Fair enough, mannequito -- in recent years it has gotten bigger and more tailored than the term 'DIY' really signifies. I'd edit that bit out if I could. It did start that way (a small camp for friends and friends'-bands, with borrowed amps and nobody getting paid), but is now a pretty professional kind of deal.

(Also, I guess I meant 'DIY' partially in the sense that Blink... is just a guy. There's no corporation or money backing him ~ Campus is just something he really wants to exist, and he makes it happen.)
posted by Rumpled at 10:01 PM on June 30, 2010


cool - that is a fair explanation.

I will say that you put a lot of work in to the post, and if I did live in that part of the world, I'd seriously consider attending.
posted by mannequito at 10:14 PM on June 30, 2010


I think people quibbling over the fact they charge for a "DIY" event are pretty out of touch.

I've attended Camp in 2010 and 2009, it was wonderful. My band played a renegade set to a packed crowd of people, including one dude dressed up as Scooby Doo and it was one of the best days of my life.

My Camp 2010 highlight was meeting Daedelus and seeing his lecture on the Monome.

Very much looking forward to 2011!
posted by MrSmuckles at 10:38 PM on June 30, 2010


MrSmuckles: My band played a renegade set to a packed crowd of people, including one dude dressed up as Scooby Doo and it was one of the best days of my life.

You mean...this band? Or this one? [sorry]

I always mean to go to CALH but never made it, my buddy's band played there last year and he had a great time.
posted by Infinite Jest at 2:33 AM on July 1, 2010


I smell a MeFi meetup!
posted by hal_c_on at 3:03 AM on July 1, 2010 [1 favorite]


Infinite Jest: You mean...this band? Or this one?

Oh no! Definitely this one.

P.S: I already got my tickets for 2011!
posted by MrSmuckles at 5:35 AM on July 1, 2010


hal_c_on: I smell a MeFi meetup!

Heck yes! My band's applied to come again next year, but even if we don't get accepted for the official line-up, we'll probably Renegade it.
To any MeFites who come: I'm the drummer in Parking Lot Experiments -- come say hello!
posted by Rumpled at 8:52 AM on July 1, 2010


Not all festivals can be Hardly Strictly Bluegrass, which is a fantastic free festival in San Francisco that is subsidized by venture capitalist Warren Hellman. Even DIY costs money from someone, unless they're all strict freegans playing acoustic instruments.

I've paid over $150 USD to attend "corporate" festivals (vs sponsor-free, like CALH), and I'd happily pay that much for an environment of music and merrimaking without obnoxious advertising banners and bands who could sell their own merch. The main reason I'll pay such money for a festival is because I have to travel 4+ hours to see most major shows. Toss in the wonderful festival atmosphere of music being everywhere you go, even if it's not my kind of music, and I'm a happy camper for a full weekend.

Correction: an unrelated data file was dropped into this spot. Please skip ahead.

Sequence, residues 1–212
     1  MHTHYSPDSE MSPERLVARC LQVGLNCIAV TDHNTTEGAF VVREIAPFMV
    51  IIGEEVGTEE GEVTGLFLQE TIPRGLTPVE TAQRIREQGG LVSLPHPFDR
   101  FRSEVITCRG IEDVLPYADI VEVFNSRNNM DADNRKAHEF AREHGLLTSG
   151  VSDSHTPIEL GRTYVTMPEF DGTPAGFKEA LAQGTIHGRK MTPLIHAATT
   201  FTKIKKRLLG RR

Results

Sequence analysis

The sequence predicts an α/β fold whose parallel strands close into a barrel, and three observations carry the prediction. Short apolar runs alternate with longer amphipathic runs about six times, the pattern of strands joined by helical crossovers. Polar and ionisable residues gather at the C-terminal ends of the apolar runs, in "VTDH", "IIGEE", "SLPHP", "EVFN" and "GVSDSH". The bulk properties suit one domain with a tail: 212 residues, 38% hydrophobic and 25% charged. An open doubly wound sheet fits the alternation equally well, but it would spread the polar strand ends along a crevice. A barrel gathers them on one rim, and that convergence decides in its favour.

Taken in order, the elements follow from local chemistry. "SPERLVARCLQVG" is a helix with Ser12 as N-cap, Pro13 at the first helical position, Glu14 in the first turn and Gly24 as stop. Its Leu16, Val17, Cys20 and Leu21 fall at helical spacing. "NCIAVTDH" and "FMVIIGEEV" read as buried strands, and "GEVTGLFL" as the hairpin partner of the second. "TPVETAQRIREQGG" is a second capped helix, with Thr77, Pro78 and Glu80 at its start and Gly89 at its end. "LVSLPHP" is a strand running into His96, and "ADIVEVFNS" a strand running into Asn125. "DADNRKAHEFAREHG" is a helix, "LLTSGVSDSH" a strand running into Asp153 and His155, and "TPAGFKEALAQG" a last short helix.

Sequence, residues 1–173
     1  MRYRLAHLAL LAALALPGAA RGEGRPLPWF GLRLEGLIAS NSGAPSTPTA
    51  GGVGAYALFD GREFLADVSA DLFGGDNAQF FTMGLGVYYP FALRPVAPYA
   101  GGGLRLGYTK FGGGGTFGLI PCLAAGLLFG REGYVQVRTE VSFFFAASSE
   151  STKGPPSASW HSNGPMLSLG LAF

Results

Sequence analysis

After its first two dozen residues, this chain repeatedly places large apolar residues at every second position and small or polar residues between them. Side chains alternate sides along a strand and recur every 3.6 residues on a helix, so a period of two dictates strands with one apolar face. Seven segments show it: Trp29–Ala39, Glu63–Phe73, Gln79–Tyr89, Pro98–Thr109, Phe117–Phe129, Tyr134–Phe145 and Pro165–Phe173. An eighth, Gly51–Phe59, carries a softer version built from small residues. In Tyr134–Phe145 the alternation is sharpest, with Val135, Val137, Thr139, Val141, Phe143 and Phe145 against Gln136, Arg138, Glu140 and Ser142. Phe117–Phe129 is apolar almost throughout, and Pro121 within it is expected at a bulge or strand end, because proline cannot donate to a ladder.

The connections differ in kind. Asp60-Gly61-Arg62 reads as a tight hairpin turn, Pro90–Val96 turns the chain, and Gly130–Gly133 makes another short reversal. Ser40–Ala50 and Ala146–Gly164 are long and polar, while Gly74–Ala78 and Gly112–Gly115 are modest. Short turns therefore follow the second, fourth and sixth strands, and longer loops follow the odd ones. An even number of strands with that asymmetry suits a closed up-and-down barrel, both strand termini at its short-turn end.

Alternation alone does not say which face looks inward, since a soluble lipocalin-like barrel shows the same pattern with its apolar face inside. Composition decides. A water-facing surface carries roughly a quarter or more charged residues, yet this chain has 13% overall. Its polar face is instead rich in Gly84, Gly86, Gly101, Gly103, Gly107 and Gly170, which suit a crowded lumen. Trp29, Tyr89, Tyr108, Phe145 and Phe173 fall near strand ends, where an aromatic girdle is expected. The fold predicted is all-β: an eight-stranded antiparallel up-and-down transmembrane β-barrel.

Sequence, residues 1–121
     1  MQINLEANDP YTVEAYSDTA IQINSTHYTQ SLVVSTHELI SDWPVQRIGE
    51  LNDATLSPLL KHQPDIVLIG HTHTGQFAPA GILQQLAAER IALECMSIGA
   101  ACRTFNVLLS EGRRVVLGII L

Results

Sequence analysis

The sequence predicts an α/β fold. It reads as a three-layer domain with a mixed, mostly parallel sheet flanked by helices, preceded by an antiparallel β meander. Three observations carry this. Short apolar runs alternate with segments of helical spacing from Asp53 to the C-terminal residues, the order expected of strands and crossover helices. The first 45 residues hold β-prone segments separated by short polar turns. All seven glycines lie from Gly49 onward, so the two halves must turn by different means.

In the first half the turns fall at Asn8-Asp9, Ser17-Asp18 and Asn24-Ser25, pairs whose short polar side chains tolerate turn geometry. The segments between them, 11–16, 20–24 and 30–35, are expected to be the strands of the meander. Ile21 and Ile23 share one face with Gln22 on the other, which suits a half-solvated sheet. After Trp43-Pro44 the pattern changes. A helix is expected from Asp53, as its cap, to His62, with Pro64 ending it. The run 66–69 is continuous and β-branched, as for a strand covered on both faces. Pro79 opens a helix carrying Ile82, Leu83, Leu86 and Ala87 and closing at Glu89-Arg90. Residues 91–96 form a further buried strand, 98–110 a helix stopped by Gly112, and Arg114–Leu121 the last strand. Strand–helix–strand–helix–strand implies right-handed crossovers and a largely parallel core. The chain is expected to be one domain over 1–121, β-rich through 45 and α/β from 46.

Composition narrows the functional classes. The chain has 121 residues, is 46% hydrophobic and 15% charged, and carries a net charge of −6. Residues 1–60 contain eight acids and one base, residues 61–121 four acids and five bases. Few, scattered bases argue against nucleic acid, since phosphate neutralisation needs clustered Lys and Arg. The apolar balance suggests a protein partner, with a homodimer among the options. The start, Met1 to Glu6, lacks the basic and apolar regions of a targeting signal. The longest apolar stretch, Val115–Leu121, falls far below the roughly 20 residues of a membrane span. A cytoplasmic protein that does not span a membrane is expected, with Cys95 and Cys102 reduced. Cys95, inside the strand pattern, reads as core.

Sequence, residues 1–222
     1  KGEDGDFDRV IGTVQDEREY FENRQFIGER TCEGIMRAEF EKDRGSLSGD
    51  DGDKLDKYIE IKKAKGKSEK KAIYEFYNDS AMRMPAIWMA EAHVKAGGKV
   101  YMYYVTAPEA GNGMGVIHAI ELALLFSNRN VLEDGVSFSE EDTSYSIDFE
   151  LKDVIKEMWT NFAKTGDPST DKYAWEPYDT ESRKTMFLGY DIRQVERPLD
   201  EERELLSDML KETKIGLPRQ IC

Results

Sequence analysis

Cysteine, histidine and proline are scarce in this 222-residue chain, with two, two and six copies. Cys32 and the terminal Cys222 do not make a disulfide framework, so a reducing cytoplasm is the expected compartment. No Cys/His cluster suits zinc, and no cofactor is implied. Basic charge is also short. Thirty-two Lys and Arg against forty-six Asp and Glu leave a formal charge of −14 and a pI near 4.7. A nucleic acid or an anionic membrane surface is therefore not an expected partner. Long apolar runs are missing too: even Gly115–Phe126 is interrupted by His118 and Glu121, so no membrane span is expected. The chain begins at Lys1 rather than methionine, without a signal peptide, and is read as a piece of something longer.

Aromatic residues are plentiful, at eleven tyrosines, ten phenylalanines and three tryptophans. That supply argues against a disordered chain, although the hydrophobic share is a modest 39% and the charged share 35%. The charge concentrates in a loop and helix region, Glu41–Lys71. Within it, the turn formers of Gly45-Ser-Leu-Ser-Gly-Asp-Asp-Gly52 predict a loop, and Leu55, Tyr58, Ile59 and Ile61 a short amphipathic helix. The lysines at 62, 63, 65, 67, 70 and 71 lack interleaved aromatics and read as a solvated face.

Now I have another reason to go to NZ, thanks!
posted by filthy light thief at 9:15 AM on July 1, 2010


I live in Sydney. My gf is originally from Wellington, so she introduced me to Camp and I went for the first time this year.

It was great. Before I arrived I'd hardly heard of any of the bands on the bill which did not matter because the bill was not announced until we arrived (I'd heard but never seen a few of the Melbourne bands), knew very few people there, had never been to NZ, but had an amazing amazing time.

We camped in a tent in a field, (it's rained as we put the tent up, and took it down, but other then that the weather was bearable) It was possible to camp in dilapidated college campus rooms with no power and mostly no doors. There was no hot water, but cold showers. There was great food for sale, there were free/cheap buses back to town to purchase food and beer etc. Alcohol was not sold on site. There were so many bands playing day and night, and because most bands played twice if you felt like a nap, you could most probably catch that band another time over the 4 days.

Bands played all over the place, with great professional sound, in barns and even in empty pools!

Some bands played 'renegade' style by placing fliers around campus and starting up late at night in rooms where a sound guy was provided. There was a bad prom, a basketball comp, i think there might have even been a roller skating night.

I do think the term DIY is a bit misplaced, but it is a very lofi festival. The price of around $150 is totally fair, it covers seeing all the bands AND 4 days camping in an amazing space with toilets and showers.

I had heard the fest been trash talked by some Australian DIY punk kids who had never actually been to the fest but wanted their own 'not known out of the small local diy punk scene' to play, and were told by the organizer that they were welcome to come play renegade style but would have to pay to enter/camp like all the other punters & renegade bands. I think this bothered them 'shurgs', i think it's a fair policy.


Rates up there with the best festival I've ever been to, a diy punk fest called Belladonna - held in Wollongong Australia a few times in mid 2000s.

I hope to go to camp again in 2011 and actually make a few friends this time.
posted by Burgatron at 3:41 PM on July 1, 2010